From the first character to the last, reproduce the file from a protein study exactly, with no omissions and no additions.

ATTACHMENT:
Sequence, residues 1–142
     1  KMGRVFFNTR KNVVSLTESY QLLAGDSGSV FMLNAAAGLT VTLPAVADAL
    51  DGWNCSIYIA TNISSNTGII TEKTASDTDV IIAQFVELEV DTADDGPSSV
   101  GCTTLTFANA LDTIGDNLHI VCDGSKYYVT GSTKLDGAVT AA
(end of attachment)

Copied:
Sequence, residues 1–142
     1  KMGRVFFNTR KNVVSLTESY QLLAGDSGSV FMLNAAAGLT VTLPAVADAL
    51  DGWNCSIYIA TNISSNTGII TEKTASDTDV IIAQFVELEV DTADDGPSSV
   101  GCTTLTFANA LDTIGDNLHI VCDGSKYYVT GSTKLDGAVT AA